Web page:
Another Arizona Lost Gold legend, is the legend of Sanders Lost Gold.
Just before the Salt River in Gila County dumps into Roosevelt Lake, it passes through the wild country of the Sierra Ancha Wilderness. The Tonto Apaches who inhabited the country were not as hostile as their brethren to the north and south but they weren’t always accommodating to the white men and Mexicans that strayed into their territory either. Because of this the Army patrolled the area in the 1870s and 1880s.
As the legend goes, one of the soldiers assigned to the area was a man identified only as Sanders. At some point, Sanders was detached from his company and sent on a patrol into the Sierras after a suspected band of Indian cattle rustlers. Sanders headed out following the trail of the Indians and the stolen cattle in the Salt River Valley but the trail petered out as it moved into the rocky highlands of the Sierra Ancha’s. Sanders, having lost the trail, gave up his search and started heading back down into the Salt River Valley following Coon Creek. After about 8 miles of riding Sanders found himself in a stretch of the creek that was to narrow to navigate and he found himself climbing out of the creek and making his way along a low ridge nearby.
As Sanders ambled along he noticed an outcropping of quartz along the ridge and stopped to have a closer look. What he found, he certainly couldn’t believe at first. Scattered about were pieces of quartz full of gold. Moving along the ledge he came upon a rich outcropping, said to be 3 yards long and 8 inches wide comprised of half decomposed granite and half gold.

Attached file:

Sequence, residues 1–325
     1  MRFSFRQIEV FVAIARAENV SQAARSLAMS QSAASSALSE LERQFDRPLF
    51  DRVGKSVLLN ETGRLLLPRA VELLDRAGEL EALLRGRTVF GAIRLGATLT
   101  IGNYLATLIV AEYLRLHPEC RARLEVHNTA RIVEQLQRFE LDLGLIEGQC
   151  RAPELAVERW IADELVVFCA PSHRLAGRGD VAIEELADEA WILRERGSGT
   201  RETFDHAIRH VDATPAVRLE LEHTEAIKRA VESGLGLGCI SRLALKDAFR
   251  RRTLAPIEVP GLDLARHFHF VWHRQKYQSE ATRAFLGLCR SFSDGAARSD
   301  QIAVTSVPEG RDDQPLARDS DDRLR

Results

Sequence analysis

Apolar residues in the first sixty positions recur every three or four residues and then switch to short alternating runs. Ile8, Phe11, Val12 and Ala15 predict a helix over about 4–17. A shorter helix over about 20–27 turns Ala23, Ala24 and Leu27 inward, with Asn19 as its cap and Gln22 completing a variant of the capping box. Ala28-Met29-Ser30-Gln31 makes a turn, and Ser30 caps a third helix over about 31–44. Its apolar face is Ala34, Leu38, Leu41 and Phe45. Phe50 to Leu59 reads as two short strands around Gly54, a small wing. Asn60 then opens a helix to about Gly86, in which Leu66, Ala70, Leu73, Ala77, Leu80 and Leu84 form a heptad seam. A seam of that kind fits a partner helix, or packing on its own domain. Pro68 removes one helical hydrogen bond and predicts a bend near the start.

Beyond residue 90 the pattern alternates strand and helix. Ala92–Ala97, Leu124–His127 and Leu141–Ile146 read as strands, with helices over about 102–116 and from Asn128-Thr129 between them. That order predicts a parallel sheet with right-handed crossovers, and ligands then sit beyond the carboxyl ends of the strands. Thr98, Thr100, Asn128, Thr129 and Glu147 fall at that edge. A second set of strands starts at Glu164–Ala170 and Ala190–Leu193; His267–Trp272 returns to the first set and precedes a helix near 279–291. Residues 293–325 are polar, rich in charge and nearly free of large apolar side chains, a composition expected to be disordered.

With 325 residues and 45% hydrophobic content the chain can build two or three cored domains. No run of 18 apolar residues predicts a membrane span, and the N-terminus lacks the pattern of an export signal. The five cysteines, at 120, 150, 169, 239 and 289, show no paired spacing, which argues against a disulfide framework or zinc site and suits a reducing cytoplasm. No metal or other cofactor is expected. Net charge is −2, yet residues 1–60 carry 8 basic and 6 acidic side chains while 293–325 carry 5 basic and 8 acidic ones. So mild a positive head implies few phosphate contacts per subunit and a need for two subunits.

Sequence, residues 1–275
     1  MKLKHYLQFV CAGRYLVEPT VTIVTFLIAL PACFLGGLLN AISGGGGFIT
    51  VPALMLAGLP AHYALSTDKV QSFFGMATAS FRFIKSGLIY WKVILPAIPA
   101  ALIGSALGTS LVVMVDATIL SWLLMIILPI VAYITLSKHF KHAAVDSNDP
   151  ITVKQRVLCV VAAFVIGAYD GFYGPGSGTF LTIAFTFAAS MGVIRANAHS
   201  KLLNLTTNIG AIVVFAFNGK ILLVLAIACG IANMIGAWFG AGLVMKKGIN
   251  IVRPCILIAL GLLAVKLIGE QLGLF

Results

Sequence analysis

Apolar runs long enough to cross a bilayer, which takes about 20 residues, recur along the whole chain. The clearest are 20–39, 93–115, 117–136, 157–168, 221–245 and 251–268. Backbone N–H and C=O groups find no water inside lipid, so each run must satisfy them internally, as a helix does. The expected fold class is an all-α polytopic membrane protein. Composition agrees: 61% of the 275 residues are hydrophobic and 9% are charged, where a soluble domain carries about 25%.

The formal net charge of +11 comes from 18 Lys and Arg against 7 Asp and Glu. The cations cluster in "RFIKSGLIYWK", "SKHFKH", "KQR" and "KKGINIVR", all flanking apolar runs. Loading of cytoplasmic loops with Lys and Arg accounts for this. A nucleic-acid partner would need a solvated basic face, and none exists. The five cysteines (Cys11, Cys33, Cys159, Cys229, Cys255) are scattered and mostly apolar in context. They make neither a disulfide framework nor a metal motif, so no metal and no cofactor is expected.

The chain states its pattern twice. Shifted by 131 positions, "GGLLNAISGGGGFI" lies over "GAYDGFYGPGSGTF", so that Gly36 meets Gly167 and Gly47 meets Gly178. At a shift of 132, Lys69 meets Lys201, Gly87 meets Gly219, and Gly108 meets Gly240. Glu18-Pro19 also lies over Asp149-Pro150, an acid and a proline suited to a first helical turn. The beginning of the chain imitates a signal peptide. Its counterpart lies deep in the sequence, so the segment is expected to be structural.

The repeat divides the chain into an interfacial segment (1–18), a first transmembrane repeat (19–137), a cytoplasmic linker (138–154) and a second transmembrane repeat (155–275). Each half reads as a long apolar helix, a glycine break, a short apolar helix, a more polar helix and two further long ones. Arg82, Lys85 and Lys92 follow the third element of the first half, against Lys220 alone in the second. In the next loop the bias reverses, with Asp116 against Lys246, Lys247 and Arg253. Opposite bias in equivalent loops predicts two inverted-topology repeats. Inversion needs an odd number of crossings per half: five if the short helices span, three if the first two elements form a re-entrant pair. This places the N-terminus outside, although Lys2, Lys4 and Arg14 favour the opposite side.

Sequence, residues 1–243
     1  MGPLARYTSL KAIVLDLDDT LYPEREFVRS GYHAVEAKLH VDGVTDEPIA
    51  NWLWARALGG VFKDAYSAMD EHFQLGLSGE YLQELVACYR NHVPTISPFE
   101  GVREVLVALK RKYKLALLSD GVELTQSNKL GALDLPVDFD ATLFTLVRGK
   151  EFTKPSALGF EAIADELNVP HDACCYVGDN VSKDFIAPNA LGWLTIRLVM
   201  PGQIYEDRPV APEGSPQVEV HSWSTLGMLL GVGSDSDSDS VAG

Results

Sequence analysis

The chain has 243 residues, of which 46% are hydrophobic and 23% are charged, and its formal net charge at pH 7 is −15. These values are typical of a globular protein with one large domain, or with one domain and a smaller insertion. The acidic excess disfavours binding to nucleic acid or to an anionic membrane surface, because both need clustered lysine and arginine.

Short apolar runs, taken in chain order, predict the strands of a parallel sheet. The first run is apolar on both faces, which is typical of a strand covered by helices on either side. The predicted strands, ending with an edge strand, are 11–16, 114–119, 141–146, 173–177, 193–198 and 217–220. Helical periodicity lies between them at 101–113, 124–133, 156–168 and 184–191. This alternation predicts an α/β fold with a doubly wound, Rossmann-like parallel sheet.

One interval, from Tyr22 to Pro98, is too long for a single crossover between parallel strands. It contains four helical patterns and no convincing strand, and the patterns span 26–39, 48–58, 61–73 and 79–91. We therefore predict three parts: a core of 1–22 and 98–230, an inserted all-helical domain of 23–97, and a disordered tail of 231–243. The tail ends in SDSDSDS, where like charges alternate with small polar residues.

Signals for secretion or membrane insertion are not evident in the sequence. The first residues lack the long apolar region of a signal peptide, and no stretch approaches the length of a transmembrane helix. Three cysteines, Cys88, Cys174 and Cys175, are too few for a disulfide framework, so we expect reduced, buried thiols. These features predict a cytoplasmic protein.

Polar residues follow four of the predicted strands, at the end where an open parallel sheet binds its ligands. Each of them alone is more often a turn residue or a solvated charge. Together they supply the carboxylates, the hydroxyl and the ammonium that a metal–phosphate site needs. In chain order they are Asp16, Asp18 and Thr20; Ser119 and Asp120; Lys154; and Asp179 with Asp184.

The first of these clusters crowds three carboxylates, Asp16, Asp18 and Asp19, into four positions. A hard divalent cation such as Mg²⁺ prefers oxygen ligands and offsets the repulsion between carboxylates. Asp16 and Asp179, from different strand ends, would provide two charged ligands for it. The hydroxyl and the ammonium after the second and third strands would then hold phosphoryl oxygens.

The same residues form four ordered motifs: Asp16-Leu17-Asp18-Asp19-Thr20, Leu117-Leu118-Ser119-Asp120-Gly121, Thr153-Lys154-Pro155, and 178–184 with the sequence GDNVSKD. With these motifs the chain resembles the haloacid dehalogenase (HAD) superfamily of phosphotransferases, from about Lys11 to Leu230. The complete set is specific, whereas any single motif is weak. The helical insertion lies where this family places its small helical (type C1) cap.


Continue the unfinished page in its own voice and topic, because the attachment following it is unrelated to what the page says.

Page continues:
Sanders, being a good soldier returned to his company, and I’m sure waited anxiously for his discharge.
Once Sanders was discharged at Fort Apache, he made his way to Phoenix where he formed a small group of three other men to work his claim along with himself. Setting out and moving into the country, the group met a patrol from Camp Reno who warned them that the Tonto Apaches had become hostile and recommended that the party turn back. Two of the group took the patrol’s advice and returned to Phoenix. Sanders and the remaining member of the party did not and headed into the vast Sierra Ancha Wilderness never to be seen or heard from again … well, not alive, at any rate. Their ghosts spoke one last time.
Sometime in the early 1900s two cowboys were working in the area bringing some cattle down Coon Creek when they stopped in a grassy valley to rest. One of the cowboys saw what he concluded to be a round white stone, but upon further investigation realized that what had caught his attention was a human skull. The cowboys continued to search further and discovered two skeletons separated by about 4 feet and hidden in the grass. Spurred on by their recent discoveries the cowboys soon found the stone foundations of a small cabin and charred wood logs. Still searching, one of the cowboys found a rather large piece of quartz, flecked with gold. After cleaning the rock he held it up to the sunlight and noticed that it had been smoothed and flattened on one side and glinted with gold. The gold was inscribed “Sanders.”
The question remains, does the Sanders gold still exist out there somewhere in the Sierra Ancha Wilderness?